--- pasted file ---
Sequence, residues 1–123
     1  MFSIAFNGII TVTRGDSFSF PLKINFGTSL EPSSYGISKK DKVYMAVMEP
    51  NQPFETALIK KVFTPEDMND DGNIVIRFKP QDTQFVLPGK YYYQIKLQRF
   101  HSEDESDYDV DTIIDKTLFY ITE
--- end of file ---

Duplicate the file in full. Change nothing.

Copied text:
Sequence, residues 1–123
     1  MFSIAFNGII TVTRGDSFSF PLKINFGTSL EPSSYGISKK DKVYMAVMEP
    51  NQPFETALIK KVFTPEDMND DGNIVIRFKP QDTQFVLPGK YYYQIKLQRF
   101  HSEDESDYDV DTIIDKTLFY ITE